Amid Trade Friction, Taiwan Tensions Are Rising

All eyes are on trade war, but the real flashpoint might be Taiwan.

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Last week, the Trump Administration threatened to impose tariffs on up to $60 billion worth of Chinese imports. The announcement, like a similar one earlier in March on steel and aluminum, sent Predata's digital volatility index for U.S.-China trade relations skyrocketing. It appears online observers fear a trade war is on. 

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Still, despite threatening retaliatory tariffs against a handful of U.S. goods, China's response to the tariff threat has been relatively measured. Where Beijing has shown less restraint is over Taiwan. Two weeks ago, President Trump signed a law that encourages U.S. officials to meet with Taiwanese counterparts. Xi Jinping reacted angrily. In a bellicose speech, he said Taiwan would face "the punishment of history" for any attempted "separatism". He ordered a carrier group into the Taiwan Strait, and drilling Chinese warplanes buzzed the southern edge of the island.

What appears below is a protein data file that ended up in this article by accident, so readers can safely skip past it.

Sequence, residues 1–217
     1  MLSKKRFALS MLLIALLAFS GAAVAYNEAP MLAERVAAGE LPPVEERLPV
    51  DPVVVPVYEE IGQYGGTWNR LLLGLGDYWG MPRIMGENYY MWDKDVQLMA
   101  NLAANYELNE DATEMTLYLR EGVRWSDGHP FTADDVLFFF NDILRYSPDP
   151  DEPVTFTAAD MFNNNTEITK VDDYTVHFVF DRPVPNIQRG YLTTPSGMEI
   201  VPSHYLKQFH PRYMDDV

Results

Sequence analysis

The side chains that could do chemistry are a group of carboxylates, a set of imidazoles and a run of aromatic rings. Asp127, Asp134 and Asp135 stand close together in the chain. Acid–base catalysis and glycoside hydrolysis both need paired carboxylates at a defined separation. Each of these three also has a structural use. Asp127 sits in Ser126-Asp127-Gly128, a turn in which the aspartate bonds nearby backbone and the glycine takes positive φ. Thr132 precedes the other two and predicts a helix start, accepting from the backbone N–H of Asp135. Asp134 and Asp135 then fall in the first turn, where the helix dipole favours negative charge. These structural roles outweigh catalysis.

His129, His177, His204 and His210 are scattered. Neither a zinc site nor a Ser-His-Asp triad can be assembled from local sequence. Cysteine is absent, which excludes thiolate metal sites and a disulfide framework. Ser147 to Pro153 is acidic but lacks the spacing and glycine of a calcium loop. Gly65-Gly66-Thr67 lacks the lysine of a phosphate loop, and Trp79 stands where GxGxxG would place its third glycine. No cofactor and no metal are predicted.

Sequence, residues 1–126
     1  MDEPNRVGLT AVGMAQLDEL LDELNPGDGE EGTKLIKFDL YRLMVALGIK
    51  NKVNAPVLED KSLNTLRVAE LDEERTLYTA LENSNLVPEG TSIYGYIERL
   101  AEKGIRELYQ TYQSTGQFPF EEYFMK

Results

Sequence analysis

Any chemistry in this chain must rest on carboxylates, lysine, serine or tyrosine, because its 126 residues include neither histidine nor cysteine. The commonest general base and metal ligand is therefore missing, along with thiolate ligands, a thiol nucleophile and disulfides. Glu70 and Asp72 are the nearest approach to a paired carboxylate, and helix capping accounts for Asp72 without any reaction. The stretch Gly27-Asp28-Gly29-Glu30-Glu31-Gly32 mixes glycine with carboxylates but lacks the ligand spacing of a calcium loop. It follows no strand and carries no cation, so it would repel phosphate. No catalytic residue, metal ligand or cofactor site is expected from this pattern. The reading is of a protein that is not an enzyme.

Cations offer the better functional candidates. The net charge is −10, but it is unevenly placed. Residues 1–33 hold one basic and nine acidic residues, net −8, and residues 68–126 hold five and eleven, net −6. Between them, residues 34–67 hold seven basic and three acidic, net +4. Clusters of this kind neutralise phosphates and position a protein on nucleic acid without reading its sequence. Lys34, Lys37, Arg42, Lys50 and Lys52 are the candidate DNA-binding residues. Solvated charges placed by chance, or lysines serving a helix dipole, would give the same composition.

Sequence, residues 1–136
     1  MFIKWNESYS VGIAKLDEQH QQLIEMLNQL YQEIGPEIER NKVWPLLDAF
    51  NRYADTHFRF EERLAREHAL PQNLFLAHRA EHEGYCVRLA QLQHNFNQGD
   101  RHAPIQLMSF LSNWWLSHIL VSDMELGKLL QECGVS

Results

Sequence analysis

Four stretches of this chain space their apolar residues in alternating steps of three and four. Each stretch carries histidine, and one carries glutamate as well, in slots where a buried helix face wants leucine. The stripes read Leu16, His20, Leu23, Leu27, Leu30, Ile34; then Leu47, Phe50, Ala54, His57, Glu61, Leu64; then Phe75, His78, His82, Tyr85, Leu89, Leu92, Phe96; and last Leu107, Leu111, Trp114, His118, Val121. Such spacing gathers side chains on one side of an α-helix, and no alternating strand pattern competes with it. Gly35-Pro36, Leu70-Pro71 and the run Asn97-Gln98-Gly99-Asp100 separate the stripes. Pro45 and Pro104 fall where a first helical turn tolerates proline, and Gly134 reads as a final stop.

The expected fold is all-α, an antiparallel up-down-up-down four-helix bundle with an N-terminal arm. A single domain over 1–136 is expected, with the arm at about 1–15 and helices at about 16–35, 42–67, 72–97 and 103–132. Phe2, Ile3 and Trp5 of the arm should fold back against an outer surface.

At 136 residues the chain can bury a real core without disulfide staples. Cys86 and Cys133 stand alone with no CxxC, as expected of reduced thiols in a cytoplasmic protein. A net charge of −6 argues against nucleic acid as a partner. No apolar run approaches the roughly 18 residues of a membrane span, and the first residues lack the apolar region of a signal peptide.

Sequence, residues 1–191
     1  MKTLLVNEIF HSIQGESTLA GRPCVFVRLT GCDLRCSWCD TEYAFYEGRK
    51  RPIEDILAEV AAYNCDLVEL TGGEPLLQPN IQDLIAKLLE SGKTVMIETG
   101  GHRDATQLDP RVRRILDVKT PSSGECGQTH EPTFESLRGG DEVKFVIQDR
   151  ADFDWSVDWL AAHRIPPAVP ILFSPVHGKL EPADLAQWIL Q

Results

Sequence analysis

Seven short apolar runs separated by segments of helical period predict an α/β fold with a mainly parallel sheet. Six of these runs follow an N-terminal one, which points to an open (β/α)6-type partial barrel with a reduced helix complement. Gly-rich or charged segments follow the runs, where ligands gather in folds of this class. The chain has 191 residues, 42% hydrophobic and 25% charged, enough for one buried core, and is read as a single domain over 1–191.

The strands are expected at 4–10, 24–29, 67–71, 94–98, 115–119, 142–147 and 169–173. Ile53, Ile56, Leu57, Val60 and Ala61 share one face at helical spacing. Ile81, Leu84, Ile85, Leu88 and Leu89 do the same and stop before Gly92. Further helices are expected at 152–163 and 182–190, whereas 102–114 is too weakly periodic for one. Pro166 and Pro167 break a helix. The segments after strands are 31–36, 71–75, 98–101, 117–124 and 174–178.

In the digital realm, concern over the cross-strait relationship has been mounting. Our volatility index hit its highest level since October 2017, when Xi used forceful rhetoric against Taiwan in his speech at the Chinese Communist Party's 19th Congress.

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It's an open secret that one of Xi's great foreign policy ambitions is to unify Taiwan with the mainland. Among observers in China and Taiwan, attention to that goal appears to be increasing. Traffic on Chinese-language web pages related to China-Taiwan unification has spiked three times this year.

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Should Xi push forward with an aggressive policy toward Taiwan, a tit-for-tat over trade may prove to be the lesser risk to U.S.-China relations.